How family business governance can help with business transition

: Group of businesspeople having a meeting in an office

Strong governance structures can help the family business be a part of the ongoing family legacy. Here’s what to know.

At some point, owners of a family business may face an important question: How can they preserve the family business for the benefit of future generations?

Take this hypothetical example: Helen and Jane are sisters who run a business founded by their father. The business has grown immensely over the years thanks to their leadership, and they have been able to provide hefty distributions to their siblings as the business flourished.

Today, Helen and Jane are considering retirement, and they’re wondering how to position the business for future success. Their siblings have not been involved other than being shareholders, and only one of the grandchildren seems interested in the business. So what’s the next step?

A possible answer: working with the family to create a governance structure to keep the business aligned to their family’s values and set a path toward future success.

“Governance is a decision-making road map,” says Mariana Martinez, senior lead family dynamics consultant at Wells Fargo Bank, N.A. “It represents a true gift for the new generations who are committed to preserving the family legacy.”

Here, Martinez explores the key considerations around family business governance to show how it could be a fit for your family.

What are the benefits of family business governance?

Family business governance provides a guide for decision-making, which means it can help new generations of stakeholders as they adapt to changing conditions within the family, the business, and the ownership group. When done well, governance provides direction and outlines values and policies that business leadership — present and future — can adhere to.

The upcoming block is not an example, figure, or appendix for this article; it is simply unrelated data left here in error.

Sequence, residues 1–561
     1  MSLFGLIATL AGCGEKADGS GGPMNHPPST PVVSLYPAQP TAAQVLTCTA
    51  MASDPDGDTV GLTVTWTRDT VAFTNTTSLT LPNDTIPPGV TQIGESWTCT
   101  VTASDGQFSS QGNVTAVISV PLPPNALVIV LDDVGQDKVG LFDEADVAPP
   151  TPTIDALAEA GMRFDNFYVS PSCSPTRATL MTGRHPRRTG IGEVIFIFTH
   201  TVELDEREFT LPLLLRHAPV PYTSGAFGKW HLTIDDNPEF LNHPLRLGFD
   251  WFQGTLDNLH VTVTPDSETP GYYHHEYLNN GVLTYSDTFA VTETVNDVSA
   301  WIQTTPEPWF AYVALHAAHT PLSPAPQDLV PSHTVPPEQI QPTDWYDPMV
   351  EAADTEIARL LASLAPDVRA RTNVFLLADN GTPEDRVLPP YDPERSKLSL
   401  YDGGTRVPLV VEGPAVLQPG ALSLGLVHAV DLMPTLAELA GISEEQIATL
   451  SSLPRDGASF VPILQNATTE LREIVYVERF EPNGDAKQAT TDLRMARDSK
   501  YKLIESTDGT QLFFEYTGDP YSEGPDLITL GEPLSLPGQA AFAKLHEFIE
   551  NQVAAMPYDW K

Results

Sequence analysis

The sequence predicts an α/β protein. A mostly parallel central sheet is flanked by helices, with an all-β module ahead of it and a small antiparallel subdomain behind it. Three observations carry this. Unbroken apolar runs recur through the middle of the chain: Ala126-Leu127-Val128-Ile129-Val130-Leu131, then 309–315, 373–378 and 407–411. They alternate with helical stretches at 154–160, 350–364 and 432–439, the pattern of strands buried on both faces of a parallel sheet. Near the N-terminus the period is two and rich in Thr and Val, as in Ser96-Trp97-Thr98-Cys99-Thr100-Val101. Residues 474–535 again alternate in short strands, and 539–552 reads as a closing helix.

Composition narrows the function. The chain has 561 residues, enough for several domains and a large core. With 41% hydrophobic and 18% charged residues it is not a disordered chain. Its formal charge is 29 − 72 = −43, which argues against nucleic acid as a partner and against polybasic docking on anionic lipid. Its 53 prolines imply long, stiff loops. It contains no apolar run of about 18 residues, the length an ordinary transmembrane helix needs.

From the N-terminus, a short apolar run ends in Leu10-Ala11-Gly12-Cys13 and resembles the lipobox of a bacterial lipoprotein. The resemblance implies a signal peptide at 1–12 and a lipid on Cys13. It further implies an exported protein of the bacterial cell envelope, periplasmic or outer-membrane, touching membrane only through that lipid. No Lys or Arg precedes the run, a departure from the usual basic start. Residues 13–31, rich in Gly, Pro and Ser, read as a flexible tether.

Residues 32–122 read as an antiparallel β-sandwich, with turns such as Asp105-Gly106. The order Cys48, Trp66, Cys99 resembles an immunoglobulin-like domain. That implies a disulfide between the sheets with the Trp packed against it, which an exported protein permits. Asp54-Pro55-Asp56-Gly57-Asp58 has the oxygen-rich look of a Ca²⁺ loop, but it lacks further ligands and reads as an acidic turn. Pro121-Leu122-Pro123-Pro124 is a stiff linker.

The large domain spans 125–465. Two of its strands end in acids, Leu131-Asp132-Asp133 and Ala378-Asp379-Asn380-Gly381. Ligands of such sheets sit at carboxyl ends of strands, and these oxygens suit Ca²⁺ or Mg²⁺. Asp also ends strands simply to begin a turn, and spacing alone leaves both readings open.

The process of outlining and creating a formal family business governance plan is usually led by a family business consultant with expertise in the process. It may also involve other members of your support team — such as advisors and lawyers — to provide input and details for the framework as it is created.

Family business governance systems: Family, ownership, and business

For Helen and Jane, the governance process involved establishing three distinct governance groups, which all work together to align the business’s success to the family’s values, wishes, and needs.

  • Family governance promotes family alignment around the business and strengthens family culture. To accomplish this, Helen and Jane brought adult family members together to form a family council. This council defined the families’ shared values and documented an agreed-upon vision and mission for the family. That mission included the intention of remaining in business together and ensuring the business’s success for future generations. The family council also elaborated a series of policies and initiatives — for example, a family member employment policy and a financial skills development program for the next generation.